Consequences are what happens as the result of an antecedent behavior. In other words, consequences are what happens as a result of something you do. Consequences provide feedback as to the effectiveness of the behavior allowing the individual to stop, modify, or continue the behavior. In short, consequences are a learning device. We tend to continue doing things which give us pleasure and quit doing things which give us pain. If the consequences are removed how can we learn?

While it's true not everyone learns from consequences, no one learns without them. To shield a loser from the consequences of his behavior is to teach him that the rules don't apply to him. He will therefore act any way he wishes believing someone will always rescue him at the last minute.

You must not act as if what happens to him is more important to you than it is to him. If you do, he'll let you be responsible for it. Consequences don't teach you anything if you never experience them. It is sad to see someone you love in trouble, but it is not an act of love to shield him from the consequences of his conduct. Every time you rescue him you are casting your vote in favor of him being a loser.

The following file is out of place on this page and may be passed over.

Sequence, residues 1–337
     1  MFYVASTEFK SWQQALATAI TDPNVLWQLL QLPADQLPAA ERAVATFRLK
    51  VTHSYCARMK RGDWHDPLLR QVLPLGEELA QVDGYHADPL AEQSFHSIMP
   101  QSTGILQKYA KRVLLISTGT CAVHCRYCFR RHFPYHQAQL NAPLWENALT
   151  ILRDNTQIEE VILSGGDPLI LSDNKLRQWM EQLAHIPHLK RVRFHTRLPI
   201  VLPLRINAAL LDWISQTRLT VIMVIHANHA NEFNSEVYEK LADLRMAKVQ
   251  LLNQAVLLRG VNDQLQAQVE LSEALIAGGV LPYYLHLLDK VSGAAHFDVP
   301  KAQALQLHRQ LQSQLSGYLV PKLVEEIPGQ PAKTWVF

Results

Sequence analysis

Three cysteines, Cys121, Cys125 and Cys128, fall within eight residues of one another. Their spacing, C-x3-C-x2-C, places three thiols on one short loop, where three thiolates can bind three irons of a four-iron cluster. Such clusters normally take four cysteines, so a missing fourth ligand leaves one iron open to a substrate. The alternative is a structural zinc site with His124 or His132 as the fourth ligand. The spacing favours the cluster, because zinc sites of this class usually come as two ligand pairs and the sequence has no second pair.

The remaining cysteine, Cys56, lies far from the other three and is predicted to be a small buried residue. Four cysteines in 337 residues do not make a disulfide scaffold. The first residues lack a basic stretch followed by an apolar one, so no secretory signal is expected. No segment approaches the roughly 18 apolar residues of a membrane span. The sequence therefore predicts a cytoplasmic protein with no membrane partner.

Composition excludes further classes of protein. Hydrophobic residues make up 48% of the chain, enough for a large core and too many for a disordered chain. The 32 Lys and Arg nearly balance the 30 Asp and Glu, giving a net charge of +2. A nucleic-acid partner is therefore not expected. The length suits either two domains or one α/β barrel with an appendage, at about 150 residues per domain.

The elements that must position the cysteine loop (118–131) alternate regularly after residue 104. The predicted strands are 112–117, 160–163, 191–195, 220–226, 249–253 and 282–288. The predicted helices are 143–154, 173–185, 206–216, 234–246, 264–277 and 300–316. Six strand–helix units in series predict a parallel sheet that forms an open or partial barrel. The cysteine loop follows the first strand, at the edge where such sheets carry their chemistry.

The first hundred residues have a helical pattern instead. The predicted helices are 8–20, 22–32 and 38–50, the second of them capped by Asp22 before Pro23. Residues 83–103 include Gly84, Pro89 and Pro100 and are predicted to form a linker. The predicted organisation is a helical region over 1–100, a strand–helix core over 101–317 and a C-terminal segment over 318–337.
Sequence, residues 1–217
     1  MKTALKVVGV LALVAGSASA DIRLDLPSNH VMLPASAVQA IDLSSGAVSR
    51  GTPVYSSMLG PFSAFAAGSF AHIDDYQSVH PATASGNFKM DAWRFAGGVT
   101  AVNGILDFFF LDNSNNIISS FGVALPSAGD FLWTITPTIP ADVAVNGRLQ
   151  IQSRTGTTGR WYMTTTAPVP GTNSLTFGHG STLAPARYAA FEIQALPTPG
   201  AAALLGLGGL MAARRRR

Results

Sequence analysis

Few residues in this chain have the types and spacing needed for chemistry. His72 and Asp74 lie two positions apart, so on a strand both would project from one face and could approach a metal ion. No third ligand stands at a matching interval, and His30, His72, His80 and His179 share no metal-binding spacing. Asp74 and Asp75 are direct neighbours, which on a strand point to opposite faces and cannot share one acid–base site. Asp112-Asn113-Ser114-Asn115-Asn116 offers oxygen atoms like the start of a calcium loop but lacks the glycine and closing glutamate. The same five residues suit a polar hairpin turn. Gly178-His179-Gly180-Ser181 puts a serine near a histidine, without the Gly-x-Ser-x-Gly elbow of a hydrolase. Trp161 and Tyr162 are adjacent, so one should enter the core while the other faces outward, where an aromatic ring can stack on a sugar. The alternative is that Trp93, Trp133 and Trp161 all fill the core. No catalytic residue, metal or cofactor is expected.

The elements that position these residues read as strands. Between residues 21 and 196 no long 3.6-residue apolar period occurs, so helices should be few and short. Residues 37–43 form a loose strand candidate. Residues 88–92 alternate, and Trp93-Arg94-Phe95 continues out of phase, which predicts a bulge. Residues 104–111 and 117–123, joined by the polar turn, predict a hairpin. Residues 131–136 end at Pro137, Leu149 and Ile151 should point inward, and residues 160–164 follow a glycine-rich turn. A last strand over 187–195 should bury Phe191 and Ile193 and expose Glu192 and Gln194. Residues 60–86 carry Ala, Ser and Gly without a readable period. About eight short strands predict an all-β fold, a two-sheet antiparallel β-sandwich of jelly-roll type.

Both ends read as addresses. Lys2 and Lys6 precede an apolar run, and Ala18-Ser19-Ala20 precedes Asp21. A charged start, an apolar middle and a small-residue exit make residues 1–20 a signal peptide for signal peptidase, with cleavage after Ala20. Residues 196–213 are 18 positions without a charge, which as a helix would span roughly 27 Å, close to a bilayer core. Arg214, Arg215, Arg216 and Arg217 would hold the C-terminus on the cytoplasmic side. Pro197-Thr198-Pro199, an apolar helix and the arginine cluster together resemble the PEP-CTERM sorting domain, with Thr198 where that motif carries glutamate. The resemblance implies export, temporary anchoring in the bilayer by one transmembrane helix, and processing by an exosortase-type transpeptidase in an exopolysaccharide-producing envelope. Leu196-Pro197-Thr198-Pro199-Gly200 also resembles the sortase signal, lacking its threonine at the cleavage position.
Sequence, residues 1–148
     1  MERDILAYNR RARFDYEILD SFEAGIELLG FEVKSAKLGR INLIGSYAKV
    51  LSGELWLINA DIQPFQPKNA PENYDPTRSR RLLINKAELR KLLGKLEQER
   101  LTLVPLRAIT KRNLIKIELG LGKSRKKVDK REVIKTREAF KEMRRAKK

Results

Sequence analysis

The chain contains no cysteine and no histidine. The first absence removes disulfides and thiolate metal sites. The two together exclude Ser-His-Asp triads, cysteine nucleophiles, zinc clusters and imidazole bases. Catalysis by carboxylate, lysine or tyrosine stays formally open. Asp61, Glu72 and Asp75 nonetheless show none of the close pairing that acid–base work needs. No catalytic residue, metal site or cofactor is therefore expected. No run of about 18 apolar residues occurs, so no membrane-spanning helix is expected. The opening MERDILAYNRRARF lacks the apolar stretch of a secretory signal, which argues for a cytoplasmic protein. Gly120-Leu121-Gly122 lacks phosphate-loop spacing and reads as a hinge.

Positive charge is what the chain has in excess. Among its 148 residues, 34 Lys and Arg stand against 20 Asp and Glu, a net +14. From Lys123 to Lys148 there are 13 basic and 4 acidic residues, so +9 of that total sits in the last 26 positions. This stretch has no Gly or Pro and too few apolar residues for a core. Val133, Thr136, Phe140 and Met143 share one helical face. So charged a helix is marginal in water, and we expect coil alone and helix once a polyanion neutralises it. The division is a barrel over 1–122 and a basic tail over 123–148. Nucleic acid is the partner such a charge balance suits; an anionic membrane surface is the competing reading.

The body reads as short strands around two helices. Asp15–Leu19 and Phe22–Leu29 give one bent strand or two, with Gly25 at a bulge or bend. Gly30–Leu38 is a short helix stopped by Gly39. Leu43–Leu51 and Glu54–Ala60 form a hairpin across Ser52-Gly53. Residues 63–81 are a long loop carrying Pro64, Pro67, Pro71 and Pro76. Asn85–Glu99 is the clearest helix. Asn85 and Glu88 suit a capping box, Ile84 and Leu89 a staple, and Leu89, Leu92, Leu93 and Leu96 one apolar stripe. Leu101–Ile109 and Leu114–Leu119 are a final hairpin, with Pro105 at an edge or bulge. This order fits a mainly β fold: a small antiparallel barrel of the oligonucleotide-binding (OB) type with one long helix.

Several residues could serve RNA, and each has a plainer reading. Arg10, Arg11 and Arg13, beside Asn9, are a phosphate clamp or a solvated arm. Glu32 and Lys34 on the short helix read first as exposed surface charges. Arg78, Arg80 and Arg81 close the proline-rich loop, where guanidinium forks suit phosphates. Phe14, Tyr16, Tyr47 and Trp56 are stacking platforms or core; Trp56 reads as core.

Every excuse boils down to one illogical belief, "I am not in control of my life, everyone else - and everything else - is." If you accept that logic it will reinforce his acceptance of it and failure is inevitable.

People aren't successful because of luck, or "getting the breaks." There are as many reasons for failure on millionaires row as there are on skid row. It can rain on anyone's parade, but loser's curse the rain and winner's sell umbrellas.

The fact is, what happens to you is not what makes the difference, what you do about what happens to you is what makes the difference. Every excuse is a shovel that digs him a deeper grave. Don't reinforce his self-delusion by accepting excuses. It may not be his fault, but it is his responsibility. There are a million reasons for failure, but not one excuse.


Quit criticizing, cajoling, threatening, pleading, moralizing and in general acting like his parent. If you want him to be adult, treat him like an adult by insisting on responsibility and not shielding him from the consequences of irresponsibility. If you act like a parent, he will continue acting like a child. It doesn't help him and it only makes you more miserable.